Azure Kubernetes Fleet Manager and member clusters

This article provides a conceptual overview of fleets, member clusters, and hub clusters in Azure Kubernetes Fleet Manager (Fleet).

What are fleets?

A fleet resource acts as a grouping entity for multiple AKS clusters. You can use them to manage multiple AKS clusters as a single entity, orchestrate updates across multiple clusters, propagate Kubernetes resources across multiple clusters, and provide a single pane of glass for managing multiple clusters. You can create a fleet with or without a hub cluster.

A fleet consists of the following components:

This screenshot shows a diagram of the fleet resource, including the hub cluster agent and the member cluster agent.

  • fleet-hub-agent: A Kubernetes controller that creates and reconciles all the fleet-related custom resources (CRs) in the hub cluster.
  • fleet-member-agent: A Kubernetes controller that creates and reconciles all the fleet-related CRs in the member clusters. This controller pulls the latest CRs from the hub cluster and consistently reconciles the member clusters to match the desired state.

What are member clusters?

The MemberCluster represents a cluster-scoped API established within the hub cluster, serving as a representation of a cluster within the fleet. This API offers a dependable, uniform, and automated approach for multi-cluster applications to identify registered clusters within a fleet. It also facilitates applications in querying a list of clusters managed by the fleet or in observing cluster statuses for subsequent actions.

You can join Azure Kubernetes Service (AKS) clusters to a fleet as member clusters. Member clusters must reside in the same Microsoft Entra tenant as the fleet, but they can be in different regions, different resource groups, and/or different subscriptions.


Member clusters support the specification of taints, which apply to the MemberCluster resource. Each taint object consists of the following fields:

  • key: The key of the taint.
  • value: The value of the taint.
  • effect: The effect of the taint, such as NoSchedule.

Once a MemberCluster is tainted, it lets the scheduler know that the cluster shouldn't receive resources as part of the resource propagation from the hub cluster. The NoSchedule effect is a signal to the scheduler to avoid scheduling resources from a ClusterResourcePlacement to the MemberCluster.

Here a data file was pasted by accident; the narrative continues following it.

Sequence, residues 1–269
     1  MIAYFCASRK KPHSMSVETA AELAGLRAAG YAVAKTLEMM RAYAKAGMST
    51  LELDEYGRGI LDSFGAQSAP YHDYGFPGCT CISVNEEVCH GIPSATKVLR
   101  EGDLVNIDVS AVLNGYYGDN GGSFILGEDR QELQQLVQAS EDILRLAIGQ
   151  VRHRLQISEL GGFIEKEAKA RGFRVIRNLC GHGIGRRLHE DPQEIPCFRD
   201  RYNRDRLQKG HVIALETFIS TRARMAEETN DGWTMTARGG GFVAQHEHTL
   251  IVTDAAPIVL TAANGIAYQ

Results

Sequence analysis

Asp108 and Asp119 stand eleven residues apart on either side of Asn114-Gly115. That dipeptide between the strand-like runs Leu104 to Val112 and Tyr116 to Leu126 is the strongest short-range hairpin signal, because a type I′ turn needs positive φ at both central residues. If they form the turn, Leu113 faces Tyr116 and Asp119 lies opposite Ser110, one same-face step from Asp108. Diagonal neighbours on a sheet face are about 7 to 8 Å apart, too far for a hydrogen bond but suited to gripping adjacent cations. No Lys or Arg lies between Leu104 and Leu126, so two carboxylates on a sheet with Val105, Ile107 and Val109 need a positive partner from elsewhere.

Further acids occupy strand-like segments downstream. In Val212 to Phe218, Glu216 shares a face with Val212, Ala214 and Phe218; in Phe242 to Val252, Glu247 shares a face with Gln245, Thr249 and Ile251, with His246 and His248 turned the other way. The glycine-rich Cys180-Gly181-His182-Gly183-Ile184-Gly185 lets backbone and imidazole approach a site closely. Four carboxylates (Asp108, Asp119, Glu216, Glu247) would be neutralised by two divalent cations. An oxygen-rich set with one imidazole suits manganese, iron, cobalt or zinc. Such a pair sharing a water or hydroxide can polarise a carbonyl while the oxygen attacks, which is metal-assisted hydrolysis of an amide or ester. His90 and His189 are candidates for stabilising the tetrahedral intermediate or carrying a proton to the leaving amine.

For more information, see the upstream Fleet documentation.

What is a hub cluster (preview)?


Azure Kubernetes Fleet Manager preview features are available on a self-service, opt-in basis. Previews are provided "as is" and "as available," and they're excluded from the service-level agreements and limited warranty. Azure Kubernetes Fleet Manager previews are partially covered by customer support on a best-effort basis. As such, these features aren't meant for production use.

Certain scenarios of fleet such as update runs don't require a Kubernetes API and thus don't require a hub cluster. Fleet can be created without the hub cluster for such scenarios. In this mode, Fleet just acts as a grouping entity in Azure Resource Manager.

For other scenarios such as Kubernetes resource propagation, a hub cluster is required. This hub cluster is a special AKS cluster whose lifecycle (creation, upgrades, deletion) is managed by the fleet resource. Any Kubernetes objects provided to the hub cluster are only stored as configurations on this cluster. Pod creation is disabled on this locked down hub cluster. Thus Fleet doesn't allow running any user workloads on the hub cluster and instead only allows using hub cluster for storing configurations that need to be propagated to other clusters or configurations that control cross-cluster orchestration.

The following table lists the differences between a fleet without hub cluster and a fleet with hub cluster:

Feature dimension Without hub cluster With hub cluster (preview)
Hub cluster hosting (preview)
Member cluster limit Up to 100 clusters Up to 20 clusters
Update orchestration across multiple clusters
Kubernetes resource object propagation (preview)
Multi-cluster L4 load balancing (preview)

Upon the creation of a fleet, a hub cluster is automatically created in the same subscription as the fleet under a managed resource group named as FL_*.

To improve reliability, hub clusters are locked down by denying any user initiated mutations to the corresponding AKS clusters (under the Fleet-managed resource group FL_*) and their underlying Azure resources like VMs (under the AKS-managed resource group MC_FL_*) via Azure deny assignments.

Hub clusters are exempted from Azure policies to avoid undesirable policy effects upon hub clusters.


The fleet resource without hub cluster is currently free of charge. If your fleet contains a hub cluster, the hub cluster is a standard tier AKS cluster created in the fleet subscription and paid by you.


Can I change a fleet without hub cluster to a fleet with hub cluster?

Not during hub cluster preview. This is planned to be supported once hub clusters become generally available.

Next steps